United States Court of Appeals Judge Henry Edgerton wrote an opinion concerning the firing of one such government employee: “Without trial by jury, without evidence, and without even being allowed to confront her accusers or to know their identity, a citizen of the United States has been found disloyal to the government of the United States.”14 Edgerton found the discharge proceedings to have been unconstitutional.15 “Whatever her actual thoughts may have been,” he wrote, “to oust her as disloyal without trial is to pay too much for protection against any harm that could possibly be done.”116

Edgerton was the lone dissenter on the federal Court of Appeals. The court affirmed the employee’s firing from government service.17 The United States Supreme Court divided evenly in reviewing the case, four to four, thus upholding the legality of the Truman Loyalty Program and its attendant government secrecy.18

Moss knew about the McCarthy approach, having been a target of similar charges in his California campaigns for both the state assembly in 1949 and, in 1953, for Congress.19 He survived the attacks. He did not forget them. His long campaign to secure freedom of information was grounded, in part, on his anger at being faced with such potentially devastating charges based on unsubstantiated claims against him.

Moss’s information battle was also based, coincidentally, on his assignment to a very obscure congressional committee that had legislative responsibility only for federal civil service and post office employees.20

When he took his seat in Congress in January 1953 representing California’s new Third Congressional District, there was no evidence that limiting government secrecy and providing the public and the press with access to government records would be causes he would champion for twelve long years—and in fact, for the rest of his life.21 Perhaps because of Moss’s independent views on several such issues, he later said, “By all that was holy, I was destined to be a onetermer.”22

Read more…

Transcripts of intercepted cell phones open new lines of investigation in Ayotzinapa case

April 16, 2018

Reforma front page

Mexican investigators have obtained dramatic new leads on the 2014 forced disappearance of a group of 43 students from Ayotzinapa, Guerrero, according to an article in the Mexican newspaper Reforma.

The report, published April 12, describes a series of text messages sent in the hours and days following the students’ disappearance between Mexican drug traffickers based in Chicago and their criminal partners operating inside Mexico. US drug enforcement agents obtained the messages through electronic intercepts during a 15-month narcotics investigation in northern Illinois and subsequently provided them to the Mexican government.

According to the article, the Blackberry chats sent by members of the criminal gang Guerreros Unidos (United Warriors) in Chicago – where they ran a drug distribution ring – revealed they were issuing orders and monitoring developments shortly after fellow gang members in Iguala, Guerrero, joined local police to attack the students on the night of September 26 and morning of September 27, 2014.  The messages contain new details about the events, including the names of gang members involved, the demands of the Chicago bosses that municipal police from neighboring towns participate, and their orders that the Guerrero prosecutor and other state officials intervene to support them.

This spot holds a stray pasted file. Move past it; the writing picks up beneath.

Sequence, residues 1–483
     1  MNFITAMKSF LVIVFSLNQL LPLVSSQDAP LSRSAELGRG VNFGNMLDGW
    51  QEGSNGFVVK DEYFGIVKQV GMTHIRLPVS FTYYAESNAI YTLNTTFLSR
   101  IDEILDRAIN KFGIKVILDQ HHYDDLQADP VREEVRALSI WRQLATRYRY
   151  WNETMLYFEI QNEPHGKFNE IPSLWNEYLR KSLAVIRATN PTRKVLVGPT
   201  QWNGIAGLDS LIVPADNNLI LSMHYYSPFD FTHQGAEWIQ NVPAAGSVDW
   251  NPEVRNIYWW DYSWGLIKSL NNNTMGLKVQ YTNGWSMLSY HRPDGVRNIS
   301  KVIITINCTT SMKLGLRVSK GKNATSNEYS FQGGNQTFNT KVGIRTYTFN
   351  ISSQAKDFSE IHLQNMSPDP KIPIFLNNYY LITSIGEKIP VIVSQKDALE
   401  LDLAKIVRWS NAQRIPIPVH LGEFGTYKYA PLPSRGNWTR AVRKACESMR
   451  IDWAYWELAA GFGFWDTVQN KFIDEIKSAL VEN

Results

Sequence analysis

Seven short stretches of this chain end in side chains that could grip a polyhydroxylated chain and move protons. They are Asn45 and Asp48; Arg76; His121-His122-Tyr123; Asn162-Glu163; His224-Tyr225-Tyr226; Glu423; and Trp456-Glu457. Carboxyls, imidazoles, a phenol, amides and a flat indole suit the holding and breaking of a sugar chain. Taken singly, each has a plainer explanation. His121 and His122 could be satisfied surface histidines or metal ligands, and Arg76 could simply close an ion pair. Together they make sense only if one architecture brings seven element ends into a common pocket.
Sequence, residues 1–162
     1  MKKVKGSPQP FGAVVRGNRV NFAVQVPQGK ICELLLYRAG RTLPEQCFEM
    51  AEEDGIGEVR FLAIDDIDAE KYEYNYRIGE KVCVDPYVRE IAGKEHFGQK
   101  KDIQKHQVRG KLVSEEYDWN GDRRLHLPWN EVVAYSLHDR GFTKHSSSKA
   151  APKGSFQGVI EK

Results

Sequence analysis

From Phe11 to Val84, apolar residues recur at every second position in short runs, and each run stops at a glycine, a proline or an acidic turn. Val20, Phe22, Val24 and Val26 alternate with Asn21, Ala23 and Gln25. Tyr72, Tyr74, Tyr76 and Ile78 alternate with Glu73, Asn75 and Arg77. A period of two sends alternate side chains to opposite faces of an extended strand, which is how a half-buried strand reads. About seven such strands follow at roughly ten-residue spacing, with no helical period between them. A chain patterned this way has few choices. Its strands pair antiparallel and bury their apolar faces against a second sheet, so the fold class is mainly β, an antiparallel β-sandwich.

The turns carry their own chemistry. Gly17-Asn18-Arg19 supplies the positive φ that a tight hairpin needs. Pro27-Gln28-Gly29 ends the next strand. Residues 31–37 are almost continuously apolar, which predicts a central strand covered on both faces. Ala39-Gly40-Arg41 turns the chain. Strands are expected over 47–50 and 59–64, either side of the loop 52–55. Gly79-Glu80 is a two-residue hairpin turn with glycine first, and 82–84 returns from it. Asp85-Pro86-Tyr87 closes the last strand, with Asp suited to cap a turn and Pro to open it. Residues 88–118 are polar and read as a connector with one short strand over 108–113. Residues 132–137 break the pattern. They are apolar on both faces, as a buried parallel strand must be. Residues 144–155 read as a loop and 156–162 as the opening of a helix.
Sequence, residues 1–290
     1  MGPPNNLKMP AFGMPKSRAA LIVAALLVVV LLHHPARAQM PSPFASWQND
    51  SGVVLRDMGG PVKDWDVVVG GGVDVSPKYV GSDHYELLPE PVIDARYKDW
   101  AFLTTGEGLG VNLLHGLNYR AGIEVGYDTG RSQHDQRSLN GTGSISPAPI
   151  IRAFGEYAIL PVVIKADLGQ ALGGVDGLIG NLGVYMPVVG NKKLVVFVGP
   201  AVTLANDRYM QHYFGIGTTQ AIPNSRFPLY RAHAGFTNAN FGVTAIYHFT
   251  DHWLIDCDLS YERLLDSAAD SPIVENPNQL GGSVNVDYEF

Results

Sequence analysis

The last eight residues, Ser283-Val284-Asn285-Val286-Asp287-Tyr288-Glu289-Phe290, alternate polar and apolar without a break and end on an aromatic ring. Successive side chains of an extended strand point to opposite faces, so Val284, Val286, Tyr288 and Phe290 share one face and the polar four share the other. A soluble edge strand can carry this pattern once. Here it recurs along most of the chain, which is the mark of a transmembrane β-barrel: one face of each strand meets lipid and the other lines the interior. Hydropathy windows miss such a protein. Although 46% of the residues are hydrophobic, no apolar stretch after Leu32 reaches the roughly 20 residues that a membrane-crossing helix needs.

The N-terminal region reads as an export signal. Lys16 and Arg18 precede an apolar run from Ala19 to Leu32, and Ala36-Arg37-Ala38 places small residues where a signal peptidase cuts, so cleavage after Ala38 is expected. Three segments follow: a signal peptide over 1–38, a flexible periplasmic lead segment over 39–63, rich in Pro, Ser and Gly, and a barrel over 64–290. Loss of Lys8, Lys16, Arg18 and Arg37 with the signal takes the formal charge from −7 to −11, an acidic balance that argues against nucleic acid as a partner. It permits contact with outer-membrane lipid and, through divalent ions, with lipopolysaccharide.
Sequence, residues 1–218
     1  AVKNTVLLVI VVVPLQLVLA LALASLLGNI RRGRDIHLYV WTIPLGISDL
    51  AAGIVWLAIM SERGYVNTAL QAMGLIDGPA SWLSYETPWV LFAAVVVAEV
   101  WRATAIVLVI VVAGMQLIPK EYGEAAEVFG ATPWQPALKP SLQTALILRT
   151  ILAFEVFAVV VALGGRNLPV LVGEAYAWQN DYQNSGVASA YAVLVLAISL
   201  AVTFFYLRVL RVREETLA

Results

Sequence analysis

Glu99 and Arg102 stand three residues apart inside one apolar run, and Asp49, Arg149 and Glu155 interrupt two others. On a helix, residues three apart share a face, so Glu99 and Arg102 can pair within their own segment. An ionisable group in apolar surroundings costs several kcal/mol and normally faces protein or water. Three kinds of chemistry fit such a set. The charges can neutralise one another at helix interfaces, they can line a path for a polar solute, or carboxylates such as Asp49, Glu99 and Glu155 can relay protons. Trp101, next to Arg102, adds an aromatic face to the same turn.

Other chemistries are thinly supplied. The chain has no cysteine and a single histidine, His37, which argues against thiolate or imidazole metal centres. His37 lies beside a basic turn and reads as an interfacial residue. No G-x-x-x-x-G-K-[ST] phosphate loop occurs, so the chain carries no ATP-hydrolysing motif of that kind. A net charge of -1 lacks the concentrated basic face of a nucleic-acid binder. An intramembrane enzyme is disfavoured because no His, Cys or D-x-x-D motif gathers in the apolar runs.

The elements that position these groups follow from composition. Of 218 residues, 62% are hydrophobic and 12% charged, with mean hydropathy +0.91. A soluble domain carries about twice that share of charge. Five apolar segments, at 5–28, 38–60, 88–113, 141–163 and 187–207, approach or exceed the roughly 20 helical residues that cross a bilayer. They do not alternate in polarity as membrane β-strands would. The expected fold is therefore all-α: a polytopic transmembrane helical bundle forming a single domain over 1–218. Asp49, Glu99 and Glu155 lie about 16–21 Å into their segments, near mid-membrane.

The texts do not reveal the fate or whereabouts of the missing students.

When the students were abducted, the crime sparked outrage and grief around the world. At the time, the young men had left their rural school for teachers in Ayotzinapa and were traveling in buses to Mexico City to take part in an annual demonstration commemorating the 1968 student massacre in Tlatelolco. As the buses passed through the town of Iguala, local police and Guerreros Unidos gang members stopped the vehicles and savagely attacked the students. At least six people were killed during the melee and 43 young men were forcibly taken away.

Since then, the families of the students, their lawyers, and national and international human rights groups have demanded the return of the missing men and the arrest of the perpetrators. But from the very beginning, the government of President Enrique Peña Nieto appeared unable or unwilling to mount a serious investigation. His attorney general’s botched theory of the case, along with evidence of possible government complicity in the crime, led in 2015 to the appointment by the Inter-American Commission on Human Rights of five international experts to assist in the inquiry and provide support and liaison to the families.

Interdisciplinary Group of Independent Experts (GIEI)

It was the Interdisciplinary Group of Independent Experts (GIEI, by its Spanish acronym) that discovered the existence of the 2014 indictments against Guerreros Unidos members in Chicago. The experts obtained the complaint affidavit filed with the Office of the US Attorney in the Northern District of Illinois, which contained clues about what might have happened in Iguala to provoke such a savage attack on the students. According to the complaint, the US-based gang members used commercial passenger buses to smuggle cocaine and heroin into the United States and ferry their cash proceeds back to Mexico, using special compartments they built to hide them. The buses came from the state of Guerrero.